Whenever a Baltimore resident is charged with a drug crime following the
search and seizure of controlled substances in his or her home, car or
on his or her person, a criminal defense attorney will want to know if
a search warrant was legally issued. The Fourth Amendment of the Constitution
protects United States citizens from searches and seizures that are unreasonable.
The means that law enforcement authorities usually have to have a warrant
in order to perform a search and seizure on you and/or your property.
The Fourth Amendment says that individuals have the right to security against
unreasonable searches and seizures, and this right cannot be violated
without a warrant that is issued on the basis of probable cause. Further,
the warrant must specifically indicate the place, person or property to
In order for a search to be deemed “reasonable” (a) a judge
has to issue a search warrant that is based on probable cause or (b) the
search is justified by the context of the situation — like searching
a suspect for guns and other kinds of weapons after he or she has been arrested.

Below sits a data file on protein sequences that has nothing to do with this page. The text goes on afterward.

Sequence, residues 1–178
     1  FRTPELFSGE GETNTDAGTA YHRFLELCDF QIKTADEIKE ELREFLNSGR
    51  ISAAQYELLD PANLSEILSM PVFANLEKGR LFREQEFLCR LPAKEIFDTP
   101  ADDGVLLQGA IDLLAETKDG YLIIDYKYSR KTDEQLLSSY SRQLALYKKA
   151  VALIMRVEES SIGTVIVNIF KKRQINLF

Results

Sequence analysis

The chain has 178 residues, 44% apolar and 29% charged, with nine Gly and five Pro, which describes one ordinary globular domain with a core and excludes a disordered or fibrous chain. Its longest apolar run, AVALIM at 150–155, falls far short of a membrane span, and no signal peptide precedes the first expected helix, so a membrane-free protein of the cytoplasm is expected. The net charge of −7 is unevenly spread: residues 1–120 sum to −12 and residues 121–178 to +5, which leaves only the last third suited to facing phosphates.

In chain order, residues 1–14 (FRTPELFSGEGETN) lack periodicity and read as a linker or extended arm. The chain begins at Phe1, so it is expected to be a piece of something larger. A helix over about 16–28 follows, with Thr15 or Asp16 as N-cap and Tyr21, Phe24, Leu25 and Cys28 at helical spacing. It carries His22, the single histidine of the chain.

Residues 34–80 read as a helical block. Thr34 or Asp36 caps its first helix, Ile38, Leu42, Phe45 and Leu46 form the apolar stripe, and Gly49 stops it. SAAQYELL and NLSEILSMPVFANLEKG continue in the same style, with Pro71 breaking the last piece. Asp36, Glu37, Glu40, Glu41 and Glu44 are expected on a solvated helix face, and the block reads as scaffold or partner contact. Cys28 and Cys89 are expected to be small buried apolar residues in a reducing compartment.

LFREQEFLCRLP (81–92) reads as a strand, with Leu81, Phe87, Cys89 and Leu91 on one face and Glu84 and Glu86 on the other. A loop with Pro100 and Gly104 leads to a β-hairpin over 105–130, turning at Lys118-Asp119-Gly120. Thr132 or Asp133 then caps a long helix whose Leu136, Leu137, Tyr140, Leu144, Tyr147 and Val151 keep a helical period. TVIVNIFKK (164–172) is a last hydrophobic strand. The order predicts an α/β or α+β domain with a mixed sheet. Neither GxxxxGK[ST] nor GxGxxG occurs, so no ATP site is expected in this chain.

In other situations, a search warrant may not be required if a “legitimate
expectation of privacy” does not exist for the thing that is being
searched. For example, should the suspect have subjectively presumed that
the thing being searched was private? Would the rest of society also agree
that this thing or place should have been private? If the answer to both
of these questions is “yes” and if that can be shown in court,
then police evidence acquired during such a search could potentially be
thrown out. Meanwhile, if evidence has been left by the suspect in a front
yard, that would likely not be considered as private.
If you have questions about the search and seizure of evidence in your
drug crime related criminal case, by speaking with a criminal defense
attorney, you might be able to determine if that evidence will be usable
in your court proceedings.